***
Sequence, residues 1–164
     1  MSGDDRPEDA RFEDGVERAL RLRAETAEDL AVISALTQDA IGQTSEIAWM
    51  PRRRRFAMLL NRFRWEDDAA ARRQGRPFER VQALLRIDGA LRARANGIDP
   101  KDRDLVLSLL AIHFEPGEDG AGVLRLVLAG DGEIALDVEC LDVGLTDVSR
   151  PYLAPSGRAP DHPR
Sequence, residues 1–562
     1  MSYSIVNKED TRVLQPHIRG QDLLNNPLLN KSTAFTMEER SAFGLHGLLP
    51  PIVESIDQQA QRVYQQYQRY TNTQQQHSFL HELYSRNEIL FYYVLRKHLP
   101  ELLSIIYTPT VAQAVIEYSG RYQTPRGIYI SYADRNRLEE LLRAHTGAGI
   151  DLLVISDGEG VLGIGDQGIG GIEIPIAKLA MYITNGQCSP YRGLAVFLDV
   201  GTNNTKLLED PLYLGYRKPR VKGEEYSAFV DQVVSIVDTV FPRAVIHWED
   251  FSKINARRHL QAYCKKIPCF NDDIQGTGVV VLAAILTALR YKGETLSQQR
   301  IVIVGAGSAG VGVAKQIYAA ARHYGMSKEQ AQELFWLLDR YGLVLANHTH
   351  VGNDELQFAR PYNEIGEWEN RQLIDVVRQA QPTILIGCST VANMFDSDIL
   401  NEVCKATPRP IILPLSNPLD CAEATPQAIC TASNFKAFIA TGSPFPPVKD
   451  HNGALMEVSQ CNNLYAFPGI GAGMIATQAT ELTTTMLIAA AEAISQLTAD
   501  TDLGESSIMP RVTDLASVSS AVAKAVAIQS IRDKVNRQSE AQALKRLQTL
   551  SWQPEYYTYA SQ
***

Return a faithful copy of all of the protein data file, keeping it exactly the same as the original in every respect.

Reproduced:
Sequence, residues 1–164
     1  MSGDDRPEDA RFEDGVERAL RLRAETAEDL AVISALTQDA IGQTSEIAWM
    51  PRRRRFAMLL NRFRWEDDAA ARRQGRPFER VQALLRIDGA LRARANGIDP
   101  KDRDLVLSLL AIHFEPGEDG AGVLRLVLAG DGEIALDVEC LDVGLTDVSR
   151  PYLAPSGRAP DHPR
Sequence, residues 1–562
     1  MSYSIVNKED TRVLQPHIRG QDLLNNPLLN KSTAFTMEER SAFGLHGLLP
    51  PIVESIDQQA QRVYQQYQRY TNTQQQHSFL HELYSRNEIL FYYVLRKHLP
   101  ELLSIIYTPT VAQAVIEYSG RYQTPRGIYI SYADRNRLEE LLRAHTGAGI
   151  DLLVISDGEG VLGIGDQGIG GIEIPIAKLA MYITNGQCSP YRGLAVFLDV
   201  GTNNTKLLED PLYLGYRKPR VKGEEYSAFV DQVVSIVDTV FPRAVIHWED
   251  FSKINARRHL QAYCKKIPCF NDDIQGTGVV VLAAILTALR YKGETLSQQR
   301  IVIVGAGSAG VGVAKQIYAA ARHYGMSKEQ AQELFWLLDR YGLVLANHTH
   351  VGNDELQFAR PYNEIGEWEN RQLIDVVRQA QPTILIGCST VANMFDSDIL
   401  NEVCKATPRP IILPLSNPLD CAEATPQAIC TASNFKAFIA TGSPFPPVKD
   451  HNGALMEVSQ CNNLYAFPGI GAGMIATQAT ELTTTMLIAA AEAISQLTAD
   501  TDLGESSIMP RVTDLASVSS AVAKAVAIQS IRDKVNRQSE AQALKRLQTL
   551  SWQPEYYTYA SQ